Before the holiday weekend we wondered what AMPAS voters might latch on to had they had to vote right then on the Oscars. It was a hypothetical exercize since we all know the studios backload the year and 85% of the intended contenders for "best" honors are as of yet unavailable. On to something not at all hypothetical.
Consider this my tracking sheet for the film bitch awards at year's end. It also doubles as an FYC directed at Academy members. Awards are too often regarded as trivial pursuits but they aren't at all. Award winners and nominees go into the history books or web archives as it were and, later, baby cinephiles seek them out for cinematic education. I speak from experience and I've heard so many similar growing up cinephile stories over the years that I know this to be true. So think carefully over even movies you didn't love when you weigh titles for "Best" in various categories. You owe it to future generations to really focus on the last word in "For Your Consideration"
Here's what I'd vote for (at the moment) in the visual categories if the year ended right now. I hope you'll join me in sharing your favorites (that have already opened) in multiple categories.
BEST CINEMATOGRAPHY: Seamus McGarvey isn't lighting and composing in a vacuum for this visual fx behemoth, but much of the painterly grandeur and awe that Godzilla, would be king of blockbusters, conjures relies heavily on his gift; While black and white films often win praise solely because they're novelties in the 21st century, Ryszard Lenczewski & Lukasz Zal's work on Ida would be stunning in any color, with its diffuse sensitivities and meticulous emotional focus; Darius Khondji is easily among the most neglected of Oscar-ready DPs with a filmography that includes stunning films from multiple A list auteurs and he does another fine job with the warmly retro but never inappropriately romanticized period work on The Immigrant; Hong Kyung-pyo's nails amazing technical challenges on Snowpiercer and his lighting often makes the grim fascinating imagery pop; and, finally, Daniel Landin serves Jonathan Glazer's mesmerizing purposes beautifully with the eery, cold aesthetics of Under the Skin... like peeks into some unfathomable abyss.
Smart costumes, mutant powers, and big hair are after the jump
BEST COSTUME DESIGN: Divergent's costumes by Carlo Poggioli are devoutly schematic based on the franchise's vaguely silly sci-fi communist premise where people are assigned walks of life and individuality is not prized, but the color schemes and slight derivations within its monochromatic severity are, in an ironic way, its best claim to its own individuality as a franchise; Milena Canonero's has lent her prodigious versatile gift to Wes Anderson before and Grand Budapest Hotel gives her ample opportunities to shine with eye popping color, fantastically indistinct "period" and a huge swath of visually enticing characters; Patricia Norris (interviewed) somehow keeps a sea of black depressing wool in The Immigrant from feeling oppressive and she has fun with the film's theatrical colorful subplots; Michael Wilkinson's work on Noah is wonderfully hard to categorize given that it feels futuristic despite all the B.C. material - loved that bit on the podcast when Nick claims that Naameh (Jennifer Connelly) invented top-stitching. Ha!; Finally, Catherine George, in her biggest task yet, details the absurd socioeconomic disparity of Snowpiercer with real aplomb and enough post-apocalyptic chic to gag on... gagging... maybe my stomach is just thinking of those 'protein slabs'?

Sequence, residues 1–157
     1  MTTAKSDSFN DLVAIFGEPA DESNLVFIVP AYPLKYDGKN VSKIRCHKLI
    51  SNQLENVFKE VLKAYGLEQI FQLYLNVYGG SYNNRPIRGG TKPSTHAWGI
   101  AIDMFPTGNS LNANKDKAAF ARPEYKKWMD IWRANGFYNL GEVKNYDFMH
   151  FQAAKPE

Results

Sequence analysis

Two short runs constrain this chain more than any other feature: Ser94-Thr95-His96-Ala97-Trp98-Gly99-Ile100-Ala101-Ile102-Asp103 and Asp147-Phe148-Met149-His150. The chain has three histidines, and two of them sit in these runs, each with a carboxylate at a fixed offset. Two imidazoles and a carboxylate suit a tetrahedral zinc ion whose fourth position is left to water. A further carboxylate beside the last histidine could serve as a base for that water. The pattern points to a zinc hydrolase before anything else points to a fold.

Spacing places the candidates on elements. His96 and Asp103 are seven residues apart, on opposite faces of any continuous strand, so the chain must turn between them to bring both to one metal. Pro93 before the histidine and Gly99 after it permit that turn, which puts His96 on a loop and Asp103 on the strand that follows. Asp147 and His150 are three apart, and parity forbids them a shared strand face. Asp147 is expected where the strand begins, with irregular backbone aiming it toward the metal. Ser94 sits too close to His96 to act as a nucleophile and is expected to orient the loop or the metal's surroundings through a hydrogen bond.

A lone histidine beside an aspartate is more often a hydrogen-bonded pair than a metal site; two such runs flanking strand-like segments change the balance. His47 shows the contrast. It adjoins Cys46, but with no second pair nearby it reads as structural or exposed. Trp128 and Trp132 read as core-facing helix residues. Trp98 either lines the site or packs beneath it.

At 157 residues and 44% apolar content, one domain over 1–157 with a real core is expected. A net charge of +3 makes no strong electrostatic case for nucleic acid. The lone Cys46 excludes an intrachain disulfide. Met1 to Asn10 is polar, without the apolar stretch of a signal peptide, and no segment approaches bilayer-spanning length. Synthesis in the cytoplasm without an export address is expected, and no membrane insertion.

BEST PRODUCTION DESIGN: If Adam Stockhausen doesn't win a second consecutive Oscar nomination for his edible storybook creations in Grand Budapest Hotel something is rotten chez AMPAS; I can only imagine that Julie Berghoff had great fun with her props department and set decorators on Neighbors; Mark Friedberg, grotesquely ignored by the Academy despite design work as glorious and ambitious as what he was doing on Far From Heaven and Synechdoche New York makes great use of Iceland's otherworldly volcanic landscape and that massive wooden ark set on Noah; Ondrej Nevkasil's work on Snowpiercer is but one of many moving pieces of its overachieving technical puzzle but its beautiful work, shifting as you move through the train and often with a larger sense of pop theatricality than the cramped physicality should theoretically allow for; Some moviegoers would like more specificty in Under the Skin but I love its minimalism and I'll never forget Scarlett's abstract HQ interior with that foreboding unkept human exterior.